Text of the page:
There were no handshakes from the Queen as she held an audience at Buckingham Palace amid the coronavirus outbreak.
The monarch greeted Sri Lankan High Commissioner Saroja Sirisena and her husband, Dr Sudath Talpahewa, in the 1844 room at her royal residence.
The Queen was not wearing gloves, but, unlike her audiences last week, there was no handshaking during the brief meeting.
Ms Sirisena handed over her credentials, which the Queen received, and Dr Talpahewa bowed to the head of state from a distance as he was introduced.
Audiences are brief, one-on-one meetings with the Queen which happen regularly throughout her working week, and she usually greets guests with a handshake.
Tuesday’s audience was held the day after Prime Minister Boris Johnson was told not to shake hands with dignitaries including the Queen at the Commonwealth Day service at Westminster Abbey over coronavirus fears.
Mr Johnson said the move sent a “subliminal cue” about the importance of hygiene.
Guests at the Commonwealth Service – the last appearance by the Duke and Duchess of Sussex as senior royals – adopted a range of greetings to get around the handshake ban.
The Prince of Wales opted for a namaste, while Harry bumped elbows with musician Craig David, and Meghan decided to hug the 7 Days singer.
The Queen and other senior royals were following the protocol the Abbey has been operating under during the past few weeks.
Mr Johnson was pictured at the event clasping hands with heavyweight boxing champion Anthony Joshua despite the advice.
The Prime Minister said: “We were all given an instruction not to shake hands and there’s a good reason for not shaking hands, which is that the behavioural psychologists say that if you don’t shake somebody’s hand then that sends an important message to them about the importance of washing your hands.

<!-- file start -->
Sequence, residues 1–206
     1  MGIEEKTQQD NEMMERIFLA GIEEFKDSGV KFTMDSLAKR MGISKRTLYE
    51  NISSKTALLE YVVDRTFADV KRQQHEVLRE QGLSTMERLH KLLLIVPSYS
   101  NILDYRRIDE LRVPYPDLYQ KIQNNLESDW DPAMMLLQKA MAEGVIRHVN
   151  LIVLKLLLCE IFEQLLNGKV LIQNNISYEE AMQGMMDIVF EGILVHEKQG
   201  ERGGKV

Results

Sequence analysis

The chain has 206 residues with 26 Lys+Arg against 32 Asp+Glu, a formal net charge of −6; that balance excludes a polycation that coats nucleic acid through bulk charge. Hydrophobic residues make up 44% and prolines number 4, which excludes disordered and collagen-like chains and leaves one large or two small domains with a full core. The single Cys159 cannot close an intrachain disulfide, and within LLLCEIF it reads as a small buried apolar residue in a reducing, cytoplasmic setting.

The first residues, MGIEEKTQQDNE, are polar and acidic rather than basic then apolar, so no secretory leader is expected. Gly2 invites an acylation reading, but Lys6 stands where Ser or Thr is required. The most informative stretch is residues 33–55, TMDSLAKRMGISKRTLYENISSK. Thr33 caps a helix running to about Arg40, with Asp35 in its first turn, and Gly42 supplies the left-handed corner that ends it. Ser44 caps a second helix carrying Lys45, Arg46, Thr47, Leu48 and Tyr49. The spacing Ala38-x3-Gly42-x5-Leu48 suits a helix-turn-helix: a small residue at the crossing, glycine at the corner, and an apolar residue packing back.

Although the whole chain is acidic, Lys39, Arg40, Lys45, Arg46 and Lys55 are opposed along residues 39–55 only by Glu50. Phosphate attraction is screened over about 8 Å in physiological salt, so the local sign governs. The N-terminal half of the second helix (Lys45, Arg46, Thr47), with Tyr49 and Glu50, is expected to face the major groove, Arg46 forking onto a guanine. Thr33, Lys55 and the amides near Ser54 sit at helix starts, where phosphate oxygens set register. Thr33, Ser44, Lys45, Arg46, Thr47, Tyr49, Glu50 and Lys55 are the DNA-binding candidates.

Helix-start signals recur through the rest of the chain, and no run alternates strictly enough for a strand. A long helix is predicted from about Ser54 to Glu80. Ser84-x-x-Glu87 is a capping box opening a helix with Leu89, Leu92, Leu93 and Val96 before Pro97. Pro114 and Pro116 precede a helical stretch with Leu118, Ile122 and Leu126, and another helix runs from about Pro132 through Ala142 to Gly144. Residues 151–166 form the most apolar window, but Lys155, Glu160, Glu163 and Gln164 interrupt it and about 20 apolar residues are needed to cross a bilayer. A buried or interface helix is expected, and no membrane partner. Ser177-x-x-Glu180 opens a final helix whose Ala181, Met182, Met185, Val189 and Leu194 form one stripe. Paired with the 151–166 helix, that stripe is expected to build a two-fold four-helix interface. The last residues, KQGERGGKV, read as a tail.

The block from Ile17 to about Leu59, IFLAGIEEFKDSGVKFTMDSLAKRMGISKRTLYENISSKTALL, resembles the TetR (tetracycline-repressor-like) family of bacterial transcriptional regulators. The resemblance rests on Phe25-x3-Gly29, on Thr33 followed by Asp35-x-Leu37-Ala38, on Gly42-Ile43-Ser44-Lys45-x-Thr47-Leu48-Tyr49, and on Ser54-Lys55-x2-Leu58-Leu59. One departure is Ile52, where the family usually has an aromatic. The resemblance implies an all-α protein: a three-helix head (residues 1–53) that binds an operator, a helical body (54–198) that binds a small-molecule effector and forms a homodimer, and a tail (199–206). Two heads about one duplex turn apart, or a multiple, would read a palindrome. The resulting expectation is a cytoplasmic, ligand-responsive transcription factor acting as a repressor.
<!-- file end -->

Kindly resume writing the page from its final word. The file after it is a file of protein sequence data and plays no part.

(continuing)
“So there’s a subliminal cue there to everybody to wash your hands, which is, I think I’m right in saying … far more important.”
Handshaking is “a matter for individual choice” but much less important than washing, he added.
Mr Johnson, who attended the event with his pregnant fiancee, Carrie Symonds, had previously said he was “shaking hands with everybody” despite concerns about the spread of the virus.
When the Duke of Cambridge arrived at the service he joked with Lord Howell, chairman of the Council of Commonwealth Societies, about the protocol to avoid spreading germs.
“It’s very odd not shaking hands, I try my best to hold my hands like that,” William said, laughing, as he clasped them together and held them against his waist.
And when he chatted to Joshua, who is 6ft 6in, the duke avoided shaking hands, quipping: “I feel you’d crush mine.”
On March 3, the Queen opted to wear long white gloves as she carried out an investiture at Buckingham Palace.
It was believed to have been the first time the monarch had done so at a palace investiture.
The Queen turns 94 next month, and the risk of more severe symptoms from the Covid-19 illness is greater for the elderly and those with pre-existing health conditions.
England’s Chief Medical Officer, Professor Chris Whitty, has said the death rate for people infected with coronavirus is “significantly ramped up” among those over the age of 80.